The area was occupied by the Wiradjuri people prior to white settlement. The first Europeans to set foot on the future townsite were the party of John Oxley who camped here in 1817 while engaged on one of the first inland expeditions. Oxley named the site 'Camp Hill' but was unimpressed with the clay soil, poor timber and swamps. In fact, he concluded, 'it is impossible to imagine a worse country'.
Nonetheless a run named 'Bogabigal' was established here around 1834. However, the town did not emerge until gold was discovered by Harry Stephens in June 1861 at what is now King George V Park (there is a memorial to that effect in the park).
The lure initially drew about 30 000 people to the Lachlan goldfields which centred on what was initially known as 'Black Ridge', after the ironbarks which once predominated. This tent city was later renamed 'Forbes', probably after Francis Forbes, the first chief justice of NSW.
The influx of people meant opportunities for service providers such as the Albion, the first hotel, which allegedly sold the greatest quantity of alcohol in Australia during the 1860s.
It has been claimed that, during the first two years, 8100 kg of gold were turned up although, by 1863, the population had declined to 3500 due to poor conditions, the small size of alluvial claims and seepage from the Lachlan River into the mine shafts.
Inevitably there were those who sought to lay their hands on the riches by easier methods. A number of bushrangers, including Frank Gardiner, Ben Hall and Johnnie Gilbert, worked together as a gang, harrying the area from 1862 to 1865.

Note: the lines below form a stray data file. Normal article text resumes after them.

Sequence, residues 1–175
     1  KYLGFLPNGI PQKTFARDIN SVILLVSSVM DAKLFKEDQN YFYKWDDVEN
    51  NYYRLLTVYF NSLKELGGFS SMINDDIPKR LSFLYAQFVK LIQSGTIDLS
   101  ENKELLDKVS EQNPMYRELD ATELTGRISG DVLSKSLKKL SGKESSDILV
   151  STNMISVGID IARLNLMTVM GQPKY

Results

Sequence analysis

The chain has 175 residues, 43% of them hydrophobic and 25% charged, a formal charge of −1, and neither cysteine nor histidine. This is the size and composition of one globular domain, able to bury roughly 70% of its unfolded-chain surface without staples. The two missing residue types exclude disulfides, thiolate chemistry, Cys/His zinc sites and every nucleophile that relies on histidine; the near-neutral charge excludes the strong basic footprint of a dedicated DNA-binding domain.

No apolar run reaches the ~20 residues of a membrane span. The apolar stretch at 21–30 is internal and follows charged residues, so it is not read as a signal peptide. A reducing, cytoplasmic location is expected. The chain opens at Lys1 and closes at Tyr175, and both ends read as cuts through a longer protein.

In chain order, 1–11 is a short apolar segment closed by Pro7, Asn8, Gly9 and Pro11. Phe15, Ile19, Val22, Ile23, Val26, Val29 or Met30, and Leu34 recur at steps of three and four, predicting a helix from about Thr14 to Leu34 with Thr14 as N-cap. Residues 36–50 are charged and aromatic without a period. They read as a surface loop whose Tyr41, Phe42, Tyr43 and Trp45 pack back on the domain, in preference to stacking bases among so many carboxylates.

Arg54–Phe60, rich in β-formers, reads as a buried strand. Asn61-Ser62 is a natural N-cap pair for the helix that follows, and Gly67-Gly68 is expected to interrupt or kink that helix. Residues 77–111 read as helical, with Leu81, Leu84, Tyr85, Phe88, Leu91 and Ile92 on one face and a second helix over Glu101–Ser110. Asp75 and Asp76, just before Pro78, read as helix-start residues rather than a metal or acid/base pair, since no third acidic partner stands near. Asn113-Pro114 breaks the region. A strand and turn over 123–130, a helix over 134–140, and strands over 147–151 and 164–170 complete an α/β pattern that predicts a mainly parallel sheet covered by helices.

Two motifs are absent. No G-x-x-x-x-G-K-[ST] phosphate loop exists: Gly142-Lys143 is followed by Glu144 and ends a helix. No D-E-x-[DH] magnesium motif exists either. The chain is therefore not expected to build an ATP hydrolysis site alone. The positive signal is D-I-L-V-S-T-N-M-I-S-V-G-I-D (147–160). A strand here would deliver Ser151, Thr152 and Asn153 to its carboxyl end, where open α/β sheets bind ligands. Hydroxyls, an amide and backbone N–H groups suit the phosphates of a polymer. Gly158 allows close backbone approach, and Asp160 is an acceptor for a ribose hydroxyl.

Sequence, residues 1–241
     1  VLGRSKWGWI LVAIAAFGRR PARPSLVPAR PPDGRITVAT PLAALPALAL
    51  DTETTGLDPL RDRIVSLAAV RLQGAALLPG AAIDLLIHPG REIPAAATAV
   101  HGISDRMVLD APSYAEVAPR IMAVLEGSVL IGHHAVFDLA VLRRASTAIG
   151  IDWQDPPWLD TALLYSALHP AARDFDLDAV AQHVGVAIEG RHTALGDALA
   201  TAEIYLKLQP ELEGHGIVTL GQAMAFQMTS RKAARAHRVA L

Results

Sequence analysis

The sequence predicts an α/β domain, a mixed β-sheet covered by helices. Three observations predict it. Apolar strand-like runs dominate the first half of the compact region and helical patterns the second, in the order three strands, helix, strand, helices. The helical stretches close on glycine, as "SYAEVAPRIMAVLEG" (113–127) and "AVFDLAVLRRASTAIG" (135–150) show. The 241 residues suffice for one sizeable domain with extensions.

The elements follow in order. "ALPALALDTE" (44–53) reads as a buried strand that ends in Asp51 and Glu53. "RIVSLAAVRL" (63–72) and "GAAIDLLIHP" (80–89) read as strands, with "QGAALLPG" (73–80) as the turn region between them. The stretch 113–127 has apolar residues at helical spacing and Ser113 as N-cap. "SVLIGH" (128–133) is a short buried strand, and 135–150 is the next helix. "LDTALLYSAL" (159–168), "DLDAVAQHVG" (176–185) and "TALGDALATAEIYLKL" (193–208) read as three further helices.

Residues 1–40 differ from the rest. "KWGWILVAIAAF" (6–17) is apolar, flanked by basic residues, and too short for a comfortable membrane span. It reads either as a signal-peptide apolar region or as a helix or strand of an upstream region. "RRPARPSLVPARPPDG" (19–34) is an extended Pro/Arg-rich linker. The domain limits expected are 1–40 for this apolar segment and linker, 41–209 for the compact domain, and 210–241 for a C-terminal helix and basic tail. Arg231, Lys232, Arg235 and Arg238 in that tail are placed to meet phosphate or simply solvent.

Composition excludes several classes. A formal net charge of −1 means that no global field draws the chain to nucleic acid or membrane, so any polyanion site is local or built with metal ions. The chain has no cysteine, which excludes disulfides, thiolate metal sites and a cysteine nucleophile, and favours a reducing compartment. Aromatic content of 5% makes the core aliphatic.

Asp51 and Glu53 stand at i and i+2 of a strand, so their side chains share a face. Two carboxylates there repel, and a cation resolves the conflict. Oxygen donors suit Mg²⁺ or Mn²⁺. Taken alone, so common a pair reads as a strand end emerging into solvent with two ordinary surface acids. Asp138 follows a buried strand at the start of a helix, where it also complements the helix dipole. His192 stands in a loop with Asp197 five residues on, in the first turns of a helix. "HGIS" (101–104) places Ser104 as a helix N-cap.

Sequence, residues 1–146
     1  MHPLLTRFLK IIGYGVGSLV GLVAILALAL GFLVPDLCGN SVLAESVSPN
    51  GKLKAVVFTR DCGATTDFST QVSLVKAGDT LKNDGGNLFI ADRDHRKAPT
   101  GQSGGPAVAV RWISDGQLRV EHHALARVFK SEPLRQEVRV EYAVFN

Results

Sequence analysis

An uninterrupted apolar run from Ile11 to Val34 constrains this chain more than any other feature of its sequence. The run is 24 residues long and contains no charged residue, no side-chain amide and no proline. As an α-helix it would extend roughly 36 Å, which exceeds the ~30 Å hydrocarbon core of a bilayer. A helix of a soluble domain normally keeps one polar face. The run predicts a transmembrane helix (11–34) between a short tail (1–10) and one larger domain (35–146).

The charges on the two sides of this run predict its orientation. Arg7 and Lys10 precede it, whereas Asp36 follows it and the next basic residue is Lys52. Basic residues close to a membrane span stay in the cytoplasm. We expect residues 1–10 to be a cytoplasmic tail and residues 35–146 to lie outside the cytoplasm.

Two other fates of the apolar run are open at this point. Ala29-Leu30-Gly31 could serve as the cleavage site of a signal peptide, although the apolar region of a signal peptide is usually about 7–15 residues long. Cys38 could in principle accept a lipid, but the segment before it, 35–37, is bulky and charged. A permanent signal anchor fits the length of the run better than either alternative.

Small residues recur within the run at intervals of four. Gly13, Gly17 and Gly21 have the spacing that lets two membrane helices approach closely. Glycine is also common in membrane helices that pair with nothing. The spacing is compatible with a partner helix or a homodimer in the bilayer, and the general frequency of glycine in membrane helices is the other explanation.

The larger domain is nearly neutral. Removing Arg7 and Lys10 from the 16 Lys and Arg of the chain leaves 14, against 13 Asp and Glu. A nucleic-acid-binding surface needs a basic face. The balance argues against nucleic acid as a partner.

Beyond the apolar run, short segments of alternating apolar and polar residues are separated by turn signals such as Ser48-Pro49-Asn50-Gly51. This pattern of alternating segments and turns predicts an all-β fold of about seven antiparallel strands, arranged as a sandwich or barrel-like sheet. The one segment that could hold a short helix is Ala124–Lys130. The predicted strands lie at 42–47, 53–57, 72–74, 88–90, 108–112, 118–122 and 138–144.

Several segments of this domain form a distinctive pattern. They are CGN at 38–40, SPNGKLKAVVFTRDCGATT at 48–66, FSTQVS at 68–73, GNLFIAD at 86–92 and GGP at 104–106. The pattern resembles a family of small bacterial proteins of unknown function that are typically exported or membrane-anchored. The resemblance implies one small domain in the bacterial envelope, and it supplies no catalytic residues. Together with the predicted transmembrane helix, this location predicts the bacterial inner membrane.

Hall came to the Lachlan area when he was 12 and purchased a station in the Weddin Mountains in 1860. He was tried for armed robbery in 1862 but acquitted. Upon his return to the property he found his house burned down, his cattle dead and his wife had run off with a former policeman. Some say he was the victim of a police vendetta. At any rate there is no doubt that he became a full-time bushranger from that time.
In 1862 the gang pulled off the largest Australian gold robbery of the century near Eugowra. Hall was arrested but released when gang member, Dan Charters, refused to implicate his best friend. However, he was shot dead in a hail of gunfire about 20 km to the north-west of town on May 5, 1865 and is buried in the Forbes cemetery. Johnny Gilbert was killed shortly after and Frank Gardiner was released from gaol in 1874 on the grounds that he leave the country.
Although the bulk of the gold was soon removed the town did not fade away. It possessed the advantage of being located on the main overland stock route between Victoria and Queensland. Moreover, earlier pastoral activities were resumed and agricultural pursuits, particularly the growing of wheat, began to flourish, in large part due to French settlers J.B. Reymond and Auguste Nicolas who also developed a weir and irrigation system, established the first sawmill (1861) and the first vineyard and winery.
Forbes was declared a municipality in 1870. The first sheepdog trial in Australia, and possibly the world, was held here in 1872. The railway arrived in 1893 and the local economy expanded to include orchards and dairying. Agriculture was further enhanced with the construction of Wyangala Dam in 1935.
The Forbes Show is held in September, the Festival of Roses in November, the Jazz Festival in January and the Bush Traditions Folk Festival in August. The Forbes Hang-gliding Championships are held each January.